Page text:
Saturday, February 6, 2010

Pretty Much A Vegetative State

We thought we ate healthfully, and we've sinced learned that we didn't...we just ate less badly than we did compared with a decade ago.

I've been experimenting with raw foods, and one of my realizations is that we never ate enough real foods to begin with...cooked, raw, or otherwise. We had a processed mentality. I raised my daughter on chicken nuggets and homemade entrees, but the "homemade" was loaded with processed things like cream of mushroom soup, packet dry onion soup for seasoning, and so on.

I'm not religious about any of these things per se, if they are the exception and not the rule...not a die-hard purist.

Anyway, being aware of better choices and actually making them are two different things. Loving the occasional vegetable and fruit and eating them daily as the bulk of preferred meals are also two different things. I realized last year we not only weren't eating enough greens, we weren't eating a variety of them or even liking them. Most of our vegetables were the starchy ones, with some roots thrown in.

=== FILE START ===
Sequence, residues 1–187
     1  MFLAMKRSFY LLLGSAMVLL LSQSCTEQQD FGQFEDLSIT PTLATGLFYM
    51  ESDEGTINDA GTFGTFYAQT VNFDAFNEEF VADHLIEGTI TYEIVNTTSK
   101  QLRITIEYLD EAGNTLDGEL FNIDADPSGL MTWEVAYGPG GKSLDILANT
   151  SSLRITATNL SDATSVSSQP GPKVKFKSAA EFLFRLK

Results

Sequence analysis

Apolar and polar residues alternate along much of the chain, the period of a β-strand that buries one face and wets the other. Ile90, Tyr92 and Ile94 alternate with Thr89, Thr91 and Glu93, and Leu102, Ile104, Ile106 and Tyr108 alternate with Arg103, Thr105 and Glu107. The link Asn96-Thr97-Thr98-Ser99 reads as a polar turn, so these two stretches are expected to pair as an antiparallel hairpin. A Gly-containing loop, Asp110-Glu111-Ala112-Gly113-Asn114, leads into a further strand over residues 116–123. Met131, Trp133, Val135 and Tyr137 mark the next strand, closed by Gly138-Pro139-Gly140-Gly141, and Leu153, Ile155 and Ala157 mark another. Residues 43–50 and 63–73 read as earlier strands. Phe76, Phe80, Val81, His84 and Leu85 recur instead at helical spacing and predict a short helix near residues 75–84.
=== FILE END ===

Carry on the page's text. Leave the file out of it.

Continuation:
Anyway, we've graduated from foods heavy in cooking oils (and the worst of the worst ones at that) to better oils and less frying. From margarine to real butter. From soup from cans to soups homemade beginning with the chicken slow cooked and turned to broth, and etc.

We have not, however, changed our reliance from supermarket to garden. There are reasons, but we're expediting elements so we can have that garden for the long-term, and the waiting chafes, but other goals speed by so at least there is movement. Oh for closure! But if buying and exploring our local resources could be considered necessary "research," we're much more educated as to what grows here and what's available during different seasons.

We did grow some things last year and likely some of them will grow "on their own" again this year without too much input from us, despite our garden nixing. Okra will grow here even in the thickest fact, will grow astoundingly tall and prolifically though the bermuda doesn't make it the most sightly of patches. The other thing that will grow here smack in the bermuda, if started in a clear spot to begin with are the calabazas/tropical pumpkins. And the purple hulls peas will grow like gangbusters if given a good soil, and can be mowed right back to the ground when done, or pulled up. So even though we won't have my Fantasy Tomato Patch, we'll have something coming in.

We can sure eat those pumpkins. Sweet potatoes grow well here, too. And beans.